Workshop aims to keep businesses afloat after disaster
Published: Wednesday, June 26, 2013 at 2:34 p.m.
Last Modified: Wednesday, June 26, 2013 at 2:34 p.m.
When disaster hits a home or business, the effects are unpredictable. That's why it's best to be prepared.
If you go
The “Bulletproof Your Business” workshop will be held Friday, 8:30 to 10:30 a.m., at Best Western, 4200 NW 97th Blvd. Available to Florida Restaurant and Lodging Association members and nonmembers, the workshop is in collaboration with the Florida Division of Emergency Management and the Florida Small Business Development Center. There is no cost to attend.
The Florida Restaurant and Lodging Association will present a free opportunity for local businesses to learn how to prepare for disasters in a series named "Bulletproof Your Business."
The workshop will show local businesses how to create disaster preparedness plans, utilize property protection checklists and protect their companies.
Philip Geist, a certified business analyst and area director at the University of North Florida's Small Business Development Center, and Lynne McChristian, the Florida representative for the Insurance Information Institute, will be speaking Friday.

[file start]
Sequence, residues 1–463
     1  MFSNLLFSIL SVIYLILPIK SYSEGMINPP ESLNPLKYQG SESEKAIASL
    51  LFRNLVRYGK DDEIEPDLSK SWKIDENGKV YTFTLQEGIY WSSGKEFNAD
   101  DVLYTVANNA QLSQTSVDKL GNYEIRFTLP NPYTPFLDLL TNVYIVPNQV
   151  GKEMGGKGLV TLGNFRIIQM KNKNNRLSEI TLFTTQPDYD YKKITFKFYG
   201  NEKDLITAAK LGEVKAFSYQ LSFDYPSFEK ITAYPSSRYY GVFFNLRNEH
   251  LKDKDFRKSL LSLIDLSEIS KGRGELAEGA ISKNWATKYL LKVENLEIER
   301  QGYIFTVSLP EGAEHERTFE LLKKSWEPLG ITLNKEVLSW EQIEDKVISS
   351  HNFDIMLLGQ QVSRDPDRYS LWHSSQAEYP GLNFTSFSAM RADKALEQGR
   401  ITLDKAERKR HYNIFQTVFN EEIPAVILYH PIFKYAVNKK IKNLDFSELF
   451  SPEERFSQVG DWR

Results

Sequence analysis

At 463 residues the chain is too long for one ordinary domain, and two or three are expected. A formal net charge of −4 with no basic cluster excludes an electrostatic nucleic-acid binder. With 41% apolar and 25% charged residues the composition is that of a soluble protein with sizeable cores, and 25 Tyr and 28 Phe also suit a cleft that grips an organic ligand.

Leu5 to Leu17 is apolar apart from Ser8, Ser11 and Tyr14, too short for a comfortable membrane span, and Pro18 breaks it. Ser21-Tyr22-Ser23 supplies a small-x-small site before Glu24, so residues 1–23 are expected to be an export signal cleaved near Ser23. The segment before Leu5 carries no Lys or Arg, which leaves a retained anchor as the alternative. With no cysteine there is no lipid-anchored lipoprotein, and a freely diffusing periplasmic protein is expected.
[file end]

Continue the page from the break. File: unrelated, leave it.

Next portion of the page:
"It's designed by the experts to talk about how you begin to monitor things," Carol Dover, president and CEO of Florida Restaurant and Lodging Association, said. "They should have a plan written, know exactly where it is."
Geist will talk about the elements of a business continuity plan.
These plans, for example, will answer what hotels and restaurants should do if they lose power and do not have backup generators to keep food refrigerated, Dover said.
"We can't assume that business owners already know anything," she said. "You'd be surprised how many times they don't have proper insurance coverage."
McChristian will discuss insurance coverage, which she said is something people buy without understanding how it works.
"People generally look at how much it costs, rather than what they need," McChristian said. "Insurance is supposed to be tied to what your needs are."
She said people should understand the difference between replacement cost coverage and actual cash value.
Replacement cost coverage is when a damaged item gets replaced with something equal to it. Actual cash value is a depreciated amount of that item, meaning the insurance holder will not have enough money to replace it.
With actual cash value, McChristian said there is more risk for the insurance holder. "You pay less in insurance, but then you pay more after some type of calamity."
She will also discuss flood insurance, building ordinance and law coverage, the importance of inventories and insurance risk and preparation.
"You have to prepare for the worst that can happen, hoping that it never does," McChristian said.